The ASUW Board of Directors (BOD) passed a new set of bills Thursday ranging from endorsing a petition criticizing UW’s lack of hybrid options for fall classes to a partnership encouraging transparency and communication between Sound Transit and UW students.
Petition for safe and accessible learning
After being passed in ASUW Senate 34-3-3 last week, Board Bill 5.02, which endorses a petition for “safe and accessible learning,” was brought to the BOD and approved unanimously.
The petition demands the university designate autumn 2021 as an extraordinary circumstances quarter and guarantee remote learning accommodations.
Following the approval, ASUW will display posters that read “UW DOES NOT CARE ABOUT YOU” around campus and on social media.
ASUW has long advocated for expanded course accessibility.
“It is already the official opinion of the student body that students should receive asynchronous and remote access to classes and class materials, whereas the administration has not responded to student requests for accessible learning over the past few years,” senate vice speaker Sarah May said.
Now, as the university navigates its first in-person quarter in over a year amid the COVID-19 pandemic, students and faculty have expressed continued discontent with the university’s in-person learning policies.
The petition was created by graduate students and undergraduate students, including several from the ASUW Student Disability Commission, and approval of the bill indicates formal support from undergraduates.
ASUW and Sound Transit fall 2021 partnership
Board Bill 4.0 was approved, mapping out a partnership between UW and Sound Transit. With the recent opening of the U-District Link station, Sound Transit is ingrained in student life now more than ever.
The BOD agreed to partner with Sound Transit, and the bill approves certain kinds of engagements between the student body and Sound Transit.
During school hours, Sound Transit may engage with students using “forums, Q&A, surveys, events, posters, marketing, [and] inclusion in newsletters,” director of campus partnerships Michael Saunders said.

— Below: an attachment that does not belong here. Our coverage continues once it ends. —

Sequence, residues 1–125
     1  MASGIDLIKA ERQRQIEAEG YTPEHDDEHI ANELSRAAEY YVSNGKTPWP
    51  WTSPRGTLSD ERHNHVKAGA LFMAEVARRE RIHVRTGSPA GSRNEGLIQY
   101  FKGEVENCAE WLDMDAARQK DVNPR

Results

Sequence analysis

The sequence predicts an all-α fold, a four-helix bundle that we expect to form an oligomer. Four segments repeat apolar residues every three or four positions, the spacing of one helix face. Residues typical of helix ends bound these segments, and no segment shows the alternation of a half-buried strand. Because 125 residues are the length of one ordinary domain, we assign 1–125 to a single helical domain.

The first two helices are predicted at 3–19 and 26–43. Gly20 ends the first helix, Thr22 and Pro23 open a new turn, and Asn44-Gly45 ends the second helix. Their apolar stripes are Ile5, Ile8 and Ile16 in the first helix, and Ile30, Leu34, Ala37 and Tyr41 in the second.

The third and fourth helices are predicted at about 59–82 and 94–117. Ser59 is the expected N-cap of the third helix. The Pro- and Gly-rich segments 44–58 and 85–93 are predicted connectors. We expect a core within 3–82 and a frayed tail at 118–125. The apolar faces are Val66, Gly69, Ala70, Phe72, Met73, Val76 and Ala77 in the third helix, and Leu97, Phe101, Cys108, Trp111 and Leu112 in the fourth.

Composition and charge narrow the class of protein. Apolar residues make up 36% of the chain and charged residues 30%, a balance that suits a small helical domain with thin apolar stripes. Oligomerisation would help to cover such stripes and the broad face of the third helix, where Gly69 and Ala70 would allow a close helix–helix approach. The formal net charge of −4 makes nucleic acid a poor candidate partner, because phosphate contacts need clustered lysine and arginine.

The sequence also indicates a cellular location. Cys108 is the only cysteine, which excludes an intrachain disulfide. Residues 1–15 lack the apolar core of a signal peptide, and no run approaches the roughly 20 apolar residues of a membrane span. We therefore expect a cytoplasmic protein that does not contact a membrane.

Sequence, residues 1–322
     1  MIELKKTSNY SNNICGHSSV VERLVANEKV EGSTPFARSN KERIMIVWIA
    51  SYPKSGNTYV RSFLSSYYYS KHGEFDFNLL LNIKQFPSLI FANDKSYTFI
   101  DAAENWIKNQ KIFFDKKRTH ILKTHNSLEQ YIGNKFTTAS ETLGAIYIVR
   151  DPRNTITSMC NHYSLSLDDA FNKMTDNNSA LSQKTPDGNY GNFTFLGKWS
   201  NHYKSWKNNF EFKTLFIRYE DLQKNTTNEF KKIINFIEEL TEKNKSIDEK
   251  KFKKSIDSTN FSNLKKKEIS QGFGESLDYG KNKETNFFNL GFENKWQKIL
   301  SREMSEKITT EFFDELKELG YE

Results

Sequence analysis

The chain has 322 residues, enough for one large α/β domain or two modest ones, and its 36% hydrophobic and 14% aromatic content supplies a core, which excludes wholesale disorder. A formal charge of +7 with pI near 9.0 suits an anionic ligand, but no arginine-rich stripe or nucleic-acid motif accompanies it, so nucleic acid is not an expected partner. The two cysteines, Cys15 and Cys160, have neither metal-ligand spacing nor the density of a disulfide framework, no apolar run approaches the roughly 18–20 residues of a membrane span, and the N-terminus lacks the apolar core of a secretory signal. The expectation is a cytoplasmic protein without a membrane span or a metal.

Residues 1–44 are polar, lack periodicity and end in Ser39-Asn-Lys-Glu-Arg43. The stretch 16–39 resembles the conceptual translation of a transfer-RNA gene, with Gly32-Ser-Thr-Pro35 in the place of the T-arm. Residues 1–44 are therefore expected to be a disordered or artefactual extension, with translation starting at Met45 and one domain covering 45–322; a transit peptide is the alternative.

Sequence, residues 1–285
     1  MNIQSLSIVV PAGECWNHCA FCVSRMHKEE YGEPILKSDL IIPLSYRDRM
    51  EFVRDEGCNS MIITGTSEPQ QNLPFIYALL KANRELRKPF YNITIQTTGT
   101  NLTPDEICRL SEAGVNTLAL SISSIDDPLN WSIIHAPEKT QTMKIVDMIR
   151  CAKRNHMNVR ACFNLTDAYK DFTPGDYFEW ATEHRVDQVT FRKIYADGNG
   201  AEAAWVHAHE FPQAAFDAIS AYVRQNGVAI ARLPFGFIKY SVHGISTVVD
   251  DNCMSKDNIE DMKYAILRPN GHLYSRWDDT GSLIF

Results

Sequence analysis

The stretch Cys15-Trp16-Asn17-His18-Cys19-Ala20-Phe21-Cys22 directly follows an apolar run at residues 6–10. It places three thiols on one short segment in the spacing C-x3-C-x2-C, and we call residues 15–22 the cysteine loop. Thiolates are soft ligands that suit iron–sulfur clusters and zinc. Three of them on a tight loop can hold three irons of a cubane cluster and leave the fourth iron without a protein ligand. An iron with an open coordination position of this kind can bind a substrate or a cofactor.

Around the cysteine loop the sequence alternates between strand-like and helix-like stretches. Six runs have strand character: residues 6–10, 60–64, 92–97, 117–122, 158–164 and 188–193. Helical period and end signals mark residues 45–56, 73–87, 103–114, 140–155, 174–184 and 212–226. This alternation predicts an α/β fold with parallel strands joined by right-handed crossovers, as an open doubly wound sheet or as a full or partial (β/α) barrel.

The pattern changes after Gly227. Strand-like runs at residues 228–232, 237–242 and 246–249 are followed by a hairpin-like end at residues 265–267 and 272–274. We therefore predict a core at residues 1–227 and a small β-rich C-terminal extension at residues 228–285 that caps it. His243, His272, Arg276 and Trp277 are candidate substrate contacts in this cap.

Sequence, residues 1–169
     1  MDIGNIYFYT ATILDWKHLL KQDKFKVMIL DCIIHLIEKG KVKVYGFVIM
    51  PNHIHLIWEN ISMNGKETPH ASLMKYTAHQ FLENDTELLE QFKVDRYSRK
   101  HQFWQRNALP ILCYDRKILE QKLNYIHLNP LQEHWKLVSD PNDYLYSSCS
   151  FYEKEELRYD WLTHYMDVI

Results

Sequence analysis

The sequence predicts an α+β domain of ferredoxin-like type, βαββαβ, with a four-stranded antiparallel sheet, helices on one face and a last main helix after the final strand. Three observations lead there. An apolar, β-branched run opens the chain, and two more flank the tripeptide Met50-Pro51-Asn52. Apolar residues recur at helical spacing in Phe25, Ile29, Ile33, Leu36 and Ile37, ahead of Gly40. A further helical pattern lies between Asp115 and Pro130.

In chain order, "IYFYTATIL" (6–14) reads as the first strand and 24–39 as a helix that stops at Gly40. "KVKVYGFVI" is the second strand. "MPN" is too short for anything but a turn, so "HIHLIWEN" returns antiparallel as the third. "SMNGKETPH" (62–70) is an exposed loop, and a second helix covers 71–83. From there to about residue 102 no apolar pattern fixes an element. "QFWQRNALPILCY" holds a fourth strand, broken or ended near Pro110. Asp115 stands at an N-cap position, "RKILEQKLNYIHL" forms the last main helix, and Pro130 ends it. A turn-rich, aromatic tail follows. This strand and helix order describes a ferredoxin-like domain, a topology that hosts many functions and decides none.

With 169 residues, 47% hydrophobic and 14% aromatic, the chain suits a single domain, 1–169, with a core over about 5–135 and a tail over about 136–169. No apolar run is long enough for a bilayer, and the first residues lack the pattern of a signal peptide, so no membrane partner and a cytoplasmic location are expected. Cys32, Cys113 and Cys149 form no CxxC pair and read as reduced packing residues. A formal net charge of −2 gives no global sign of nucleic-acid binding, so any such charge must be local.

In return, Sound Transit will donate $2,000 to the Husky Pride Fund, a need-based scholarship for students in need of emergency and financial assistance.
This partnership is strongly advocated for by Sound Transit, which is interested in communicating with students to get feedback on light rail stations and other transportation-related topics.
“They’re willing to compensate students in a certain way by aiding in the Husky Pride Fund, and [Sound Transit] feels like that is their way of getting back to students for being able to learn and get information, without it being fully transactional,” Saunders said.
Board Bill 3.04 set the autumn quarter ASUW general spending cap to $3,000, which is significantly higher than last year’s $1,500. The fund caps for the remainder of the school year will be determined at the start of each quarter.
The BOD discussed ways to support off-campus housing in light of a senate bill that was approved last year. Potential avenues include investing in Dawg Houses or using a third party platform, like Rent College Pads, that has been successful on other campuses.
The BOD meets Thursdays at 5:30 p.m. PST in HUB 303 and on Zoom. The meeting schedule and links to join the Zoom webinar can be found on the ASUW website.
Reach reporter Lacey Robertson at email@example.com. Twitter: @laceynicolerob
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